Some of President Obama’s troubles can be traced to one person:
House Majority Leader Eric Cantor.
He’s consolidated his own power by courting the Republican House tea-party-loving freshmen who swept in last year.
Cantor has an interesting outlook about working in Washington – being liked is not an advantage.
One suspects he thinks it’s much better to be deemed so unreasonable that your opponents ultimately feel no choice but to bend to your will.
That may explain why so many in his own party don’t like him.
Even his supporters say he doesn’t have the social graces and natural confidence of most politicians.
Cantor rarely hangs out with his colleagues, and since he doesn’t golf or fish or have any hobbies, when he does find himself in social situations, he usually talks about work.
We all know how boring it can be to have someone like that at a party.
According to New York magazine, more than once Cantor has asked his aides: Why does the president seem to hate me so much?
Who is this Eric Cantor that’s fast turning into an enemy of President Obama?
Cantor is a Republican from Virginia.
His father owned a real estate company and was the state treasurer for Ronald Reagan’s 1980 presidential campaign.
Cantor got his law degree from William & Mary Law School in 1988 and worked for over a decade with his family’s business doing legal work and real estate development.
He’s a member of the Republican Jewish Coalition and the Republican National Committee.
He’s married with three children.
Some say he’s a jerk.
He’s taken the lead in the debt-limit negotiations as House Majority Leader.
His high stakes political maneuvering will either make him a hero or villan.
In the end – the answer may be both.
There’s no such thing as a secret in Washington.
So you know what happened in today’s deficit meeting was going to leak out.
Here it is:
President Obama basically told the Republicans to “shove it” and walked out.
Well, he was little more polite than that.
He said “see you tomorrow”, then walked out.
The meeting was described as “stormy”.
It comes in a new round of sniping between Obama and House Majority Leader Eric Cantor.
The two are fast becoming bitter enemies.
Here’s what people in the room say happened:
When Cantor said the two sides were too far apart to get a deal that could pass the House by the Treasury Department’s August 2nd deadline — and that he would consider moving a short-term debt-limit increase alongside smaller spending cuts — Obama began to lecture him.
“Eric, don’t call my bluff,” the president said, warning Cantor that he would take his case “to the American people.”
Well, now what?
With the federal deficit talks broken down like a bad marriage getting worse, everyone is looking to the two people ultimately responsible for resolving the standoff on spending and taxes: President Barack Obama and Speaker John Boehner.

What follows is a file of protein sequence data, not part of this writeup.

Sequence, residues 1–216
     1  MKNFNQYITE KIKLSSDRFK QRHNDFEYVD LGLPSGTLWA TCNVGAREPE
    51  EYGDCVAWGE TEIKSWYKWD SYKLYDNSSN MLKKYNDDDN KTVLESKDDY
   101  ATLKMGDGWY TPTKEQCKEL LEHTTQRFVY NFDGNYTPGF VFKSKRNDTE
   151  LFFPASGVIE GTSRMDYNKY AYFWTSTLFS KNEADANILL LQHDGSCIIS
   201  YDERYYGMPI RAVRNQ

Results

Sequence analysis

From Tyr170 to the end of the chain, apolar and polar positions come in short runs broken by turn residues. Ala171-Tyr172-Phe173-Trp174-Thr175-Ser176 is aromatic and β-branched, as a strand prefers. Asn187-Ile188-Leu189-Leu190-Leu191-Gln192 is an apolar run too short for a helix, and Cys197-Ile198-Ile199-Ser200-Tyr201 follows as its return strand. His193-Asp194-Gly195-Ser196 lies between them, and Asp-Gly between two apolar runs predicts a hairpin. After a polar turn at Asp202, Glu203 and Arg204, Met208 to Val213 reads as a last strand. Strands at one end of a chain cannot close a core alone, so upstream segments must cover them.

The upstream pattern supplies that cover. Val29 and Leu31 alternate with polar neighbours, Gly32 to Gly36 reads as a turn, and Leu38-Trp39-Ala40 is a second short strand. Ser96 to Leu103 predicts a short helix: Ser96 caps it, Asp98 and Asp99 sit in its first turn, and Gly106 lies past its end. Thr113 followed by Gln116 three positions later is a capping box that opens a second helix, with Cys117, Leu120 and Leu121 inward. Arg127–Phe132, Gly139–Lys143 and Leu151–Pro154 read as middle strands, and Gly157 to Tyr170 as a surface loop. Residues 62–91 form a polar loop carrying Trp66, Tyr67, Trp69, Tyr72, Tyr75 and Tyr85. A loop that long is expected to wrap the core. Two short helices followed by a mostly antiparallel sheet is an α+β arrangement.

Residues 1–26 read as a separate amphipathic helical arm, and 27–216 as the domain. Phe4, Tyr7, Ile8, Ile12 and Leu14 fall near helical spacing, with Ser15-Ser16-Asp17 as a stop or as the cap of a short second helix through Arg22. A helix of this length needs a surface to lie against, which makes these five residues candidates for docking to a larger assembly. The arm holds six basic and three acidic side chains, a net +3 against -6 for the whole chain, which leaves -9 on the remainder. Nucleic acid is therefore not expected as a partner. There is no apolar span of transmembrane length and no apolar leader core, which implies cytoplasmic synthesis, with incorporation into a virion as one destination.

House Majority Leader Eric Cantor caught a lot of people off guard by pulling out of Biden’s group.
They had been meeting since May 5th to try to work out a massive bipartisan deficit reduction package.
Cantor says while Vice-President Joe Biden “deserves a great deal of credit for leading discussions, the group is at an impasse on taxes that only their bosses can sort out. Regardless of the progress made, the tax issue must be resolved before discussions can continue.”
All of this should be no surprise as some point the thing had to dumped in Obama’s and Boehner’s laps.
No one wants the blame for approving a deal that increases taxes.
House Republicans have stepped it up a notch.
They want to draw President Barack Obama more directly into the deficit-reduction talks with House Majority Leader Eric Cantor.
Cantor is saying this morning he will no longer participate in White House talks until the president has personally resolved the divisive issue of taxes.
All of this comes as Senate Minority Leader Mitch McConnell delivered a broadside on the floor entitled “Where’s the President?”
“For weeks lawmakers have worked around the clock to hammer out a plan that would help us to avert a crisis we all know is coming. So it’s worth asking: Where in the world has President Obama been for the last month.”
“What does he propose? What is he willing to do to reduce the debt and avoid the crisis that is building on his watch.”
Cantor has been flip-flopping all week – saying that he wanted greater involvement by the president and then promising he remained committed to the talks led by Vice President Joe Biden.
His decision now, first reported by the Wall Street Journal, caught even some in the GOP leadership by surprise.